Lessons Learned from Watching the Bride
- 2014 Feb 27
Maybe she'll be on the arm of her father. Or maybe life's tragedies took over her story and a faithful brother will be standing by her side.
No matter her circumstance, no matter her history or her present, on the day of her wedding, she'll only carry a bouquet.
It certainly won't look the same as all the others. I happen to have a sweet friend getting married in a few months who will carry a collection of brooches given to her by her friends and relatives.
Whatever she holds, be it peonies or daises, brooches or pompoms, her bouquet will only be a symbol of loveliness, a statement of who she is with her own personal flair.
It will not be a symbol of her past. She won't step-and-touch with her hurts, her mistakes or her former lovers–men or idols. She will only carry her bouquet.
And she will be carried, too, a little. By the weightlessness of love. By the pressure of seating charts and guests lists. Of in-laws and (let's be honest) bridesmaids.
She'll be swept away by the march down the aisle.
Not that the past doesn't matter, of course. Not that her worth was only measured on the day her groom knelt down and asked her to be his bride. Her story before her romance is important. It is stunning.
But, the most beautiful thing about a bride is knowing that a different pocket of her story is about to unfold like the petals from a bold bouquet.
And who doesn't love new chapters? Especially those that require you let go of one way of life to make room for another.
There is a book we were required to read in journalism school called the Things They Carried, an "almost memoir" of a man's experience in the Vietnam War. The story opens with the image of soldiers and the items they chose to bring with them on their journey. They were reminders of loveliness of their lives back home, before the war. Before the destruction.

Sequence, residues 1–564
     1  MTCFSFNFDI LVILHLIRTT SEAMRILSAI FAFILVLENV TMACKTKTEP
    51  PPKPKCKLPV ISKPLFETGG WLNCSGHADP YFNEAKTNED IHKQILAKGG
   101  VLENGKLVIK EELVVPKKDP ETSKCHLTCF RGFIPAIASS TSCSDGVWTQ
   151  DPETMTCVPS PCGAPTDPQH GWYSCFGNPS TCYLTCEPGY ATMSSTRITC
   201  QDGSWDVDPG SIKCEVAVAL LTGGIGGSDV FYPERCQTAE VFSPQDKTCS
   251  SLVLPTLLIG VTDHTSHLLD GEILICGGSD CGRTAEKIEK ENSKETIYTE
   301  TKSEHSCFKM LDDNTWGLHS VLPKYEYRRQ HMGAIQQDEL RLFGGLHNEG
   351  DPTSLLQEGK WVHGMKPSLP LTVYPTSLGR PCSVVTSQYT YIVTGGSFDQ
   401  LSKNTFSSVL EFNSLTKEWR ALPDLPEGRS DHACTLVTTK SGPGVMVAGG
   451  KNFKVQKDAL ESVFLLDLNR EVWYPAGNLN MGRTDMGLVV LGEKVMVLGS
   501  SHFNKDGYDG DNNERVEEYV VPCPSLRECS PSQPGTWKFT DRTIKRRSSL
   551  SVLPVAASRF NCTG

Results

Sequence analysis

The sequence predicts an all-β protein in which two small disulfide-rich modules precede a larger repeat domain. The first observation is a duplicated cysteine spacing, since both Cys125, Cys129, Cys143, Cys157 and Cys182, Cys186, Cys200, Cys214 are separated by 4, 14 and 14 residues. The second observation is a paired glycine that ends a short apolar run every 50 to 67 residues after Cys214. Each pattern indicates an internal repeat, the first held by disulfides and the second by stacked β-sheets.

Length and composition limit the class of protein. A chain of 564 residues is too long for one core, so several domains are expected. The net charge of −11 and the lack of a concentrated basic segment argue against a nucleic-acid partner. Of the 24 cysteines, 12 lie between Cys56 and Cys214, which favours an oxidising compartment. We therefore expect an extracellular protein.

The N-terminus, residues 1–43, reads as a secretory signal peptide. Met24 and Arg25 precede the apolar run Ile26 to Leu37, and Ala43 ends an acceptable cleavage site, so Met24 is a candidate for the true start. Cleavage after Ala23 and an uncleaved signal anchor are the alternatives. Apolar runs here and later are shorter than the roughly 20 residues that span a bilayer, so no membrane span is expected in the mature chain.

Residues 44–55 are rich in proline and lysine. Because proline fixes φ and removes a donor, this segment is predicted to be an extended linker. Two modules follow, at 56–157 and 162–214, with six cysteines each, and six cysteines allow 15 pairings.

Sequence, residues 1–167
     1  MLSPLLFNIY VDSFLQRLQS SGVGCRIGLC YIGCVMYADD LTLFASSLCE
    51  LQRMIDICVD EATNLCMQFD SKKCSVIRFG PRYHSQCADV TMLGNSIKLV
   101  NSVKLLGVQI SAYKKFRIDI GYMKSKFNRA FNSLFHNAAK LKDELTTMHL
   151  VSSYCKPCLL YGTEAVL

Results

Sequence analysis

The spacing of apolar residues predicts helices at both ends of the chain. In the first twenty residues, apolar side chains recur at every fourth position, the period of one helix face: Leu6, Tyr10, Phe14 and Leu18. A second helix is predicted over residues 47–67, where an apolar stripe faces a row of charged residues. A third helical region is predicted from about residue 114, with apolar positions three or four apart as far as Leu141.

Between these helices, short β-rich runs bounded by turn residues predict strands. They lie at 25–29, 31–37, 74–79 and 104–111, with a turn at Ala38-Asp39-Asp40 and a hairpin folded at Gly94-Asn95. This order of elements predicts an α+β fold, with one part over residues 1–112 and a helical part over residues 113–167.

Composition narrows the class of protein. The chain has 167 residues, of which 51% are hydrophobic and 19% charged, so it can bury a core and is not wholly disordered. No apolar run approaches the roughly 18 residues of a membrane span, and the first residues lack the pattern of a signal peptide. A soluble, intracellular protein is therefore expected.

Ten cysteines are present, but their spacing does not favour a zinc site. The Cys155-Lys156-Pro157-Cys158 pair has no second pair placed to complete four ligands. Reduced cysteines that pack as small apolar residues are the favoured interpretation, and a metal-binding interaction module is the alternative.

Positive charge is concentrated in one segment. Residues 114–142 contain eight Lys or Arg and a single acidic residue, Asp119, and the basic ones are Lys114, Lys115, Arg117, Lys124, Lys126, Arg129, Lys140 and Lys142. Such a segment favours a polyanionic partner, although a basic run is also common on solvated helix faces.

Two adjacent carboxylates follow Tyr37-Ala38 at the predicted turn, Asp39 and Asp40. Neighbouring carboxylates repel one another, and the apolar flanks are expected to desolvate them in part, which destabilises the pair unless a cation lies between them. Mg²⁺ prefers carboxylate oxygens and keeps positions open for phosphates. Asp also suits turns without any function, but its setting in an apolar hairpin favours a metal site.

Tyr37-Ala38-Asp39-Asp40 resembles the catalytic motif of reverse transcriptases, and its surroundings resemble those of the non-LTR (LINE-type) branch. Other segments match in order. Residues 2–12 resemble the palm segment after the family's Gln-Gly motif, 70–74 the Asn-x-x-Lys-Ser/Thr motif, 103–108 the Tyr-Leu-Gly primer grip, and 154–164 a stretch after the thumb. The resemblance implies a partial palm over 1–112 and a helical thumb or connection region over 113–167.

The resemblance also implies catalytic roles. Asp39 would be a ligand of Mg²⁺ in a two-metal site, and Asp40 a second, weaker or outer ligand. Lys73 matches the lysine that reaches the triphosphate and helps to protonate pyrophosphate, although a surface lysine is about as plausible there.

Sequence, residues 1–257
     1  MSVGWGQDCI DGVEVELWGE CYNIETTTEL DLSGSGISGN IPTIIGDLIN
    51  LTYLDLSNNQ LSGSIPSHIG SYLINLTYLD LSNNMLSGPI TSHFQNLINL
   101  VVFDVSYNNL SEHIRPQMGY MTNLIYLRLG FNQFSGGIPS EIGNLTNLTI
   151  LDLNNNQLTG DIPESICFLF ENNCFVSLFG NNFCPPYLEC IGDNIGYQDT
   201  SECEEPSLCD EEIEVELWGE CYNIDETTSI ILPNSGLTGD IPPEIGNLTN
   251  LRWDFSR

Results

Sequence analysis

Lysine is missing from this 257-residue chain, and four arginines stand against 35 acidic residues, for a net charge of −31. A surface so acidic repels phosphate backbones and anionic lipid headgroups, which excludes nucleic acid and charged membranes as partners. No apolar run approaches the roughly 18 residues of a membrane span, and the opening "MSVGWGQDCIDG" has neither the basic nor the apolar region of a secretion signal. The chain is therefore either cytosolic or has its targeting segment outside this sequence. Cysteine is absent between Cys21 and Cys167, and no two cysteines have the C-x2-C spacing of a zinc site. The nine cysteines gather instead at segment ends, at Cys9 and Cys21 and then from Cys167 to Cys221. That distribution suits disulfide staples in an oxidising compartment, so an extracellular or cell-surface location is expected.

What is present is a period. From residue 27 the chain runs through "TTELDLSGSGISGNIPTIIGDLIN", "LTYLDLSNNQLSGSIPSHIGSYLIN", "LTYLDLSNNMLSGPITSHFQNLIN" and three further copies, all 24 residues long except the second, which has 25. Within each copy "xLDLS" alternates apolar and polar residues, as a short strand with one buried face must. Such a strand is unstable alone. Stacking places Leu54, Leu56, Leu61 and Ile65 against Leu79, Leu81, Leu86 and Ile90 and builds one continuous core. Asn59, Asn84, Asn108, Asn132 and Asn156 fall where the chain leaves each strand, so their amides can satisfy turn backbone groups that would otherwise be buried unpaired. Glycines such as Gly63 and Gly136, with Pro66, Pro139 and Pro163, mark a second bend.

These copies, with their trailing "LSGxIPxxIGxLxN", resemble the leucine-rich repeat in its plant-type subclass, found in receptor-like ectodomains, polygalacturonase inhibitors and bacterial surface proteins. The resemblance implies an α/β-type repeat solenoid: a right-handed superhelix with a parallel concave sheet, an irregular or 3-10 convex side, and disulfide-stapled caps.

They were treasures that they held onto with clenched fists in the midst of trenches and grenades. Can you imagine how heavy their packs must have been? How spending days at a time on their feet with the extra weight on their backs affected how they moved and stretched in the war?
Their lives, obviously, were not easy. But how much easier would their march in the trenches have been if their loads had been lessened? If they chose not to carry the past with them?
Girlfriends, we might need to take a cue from brides as we all enter this cyclone of joyful wedding seasons. I know I do.
You see, we don't need to carry anything from our pasts into the future.
Because if we're believers, we're invited to be a part of a different wedding. A ceremony that showcases Christ as the bridegroom, and the Church as his bride. He redeems our past, and recovers our mistakes.
We don't need to hold onto them. We don't need to support them with our backs, or march with them as shields in front of us.
We can let go, and choose to only bring the good, noble, true and honorable along with us as we step into our futures. Whatever they hold.
We don't have to bring anything else with us.
photo credit: marekbz via photopin cc
photo credit: Nick Kenrick, via photopin cc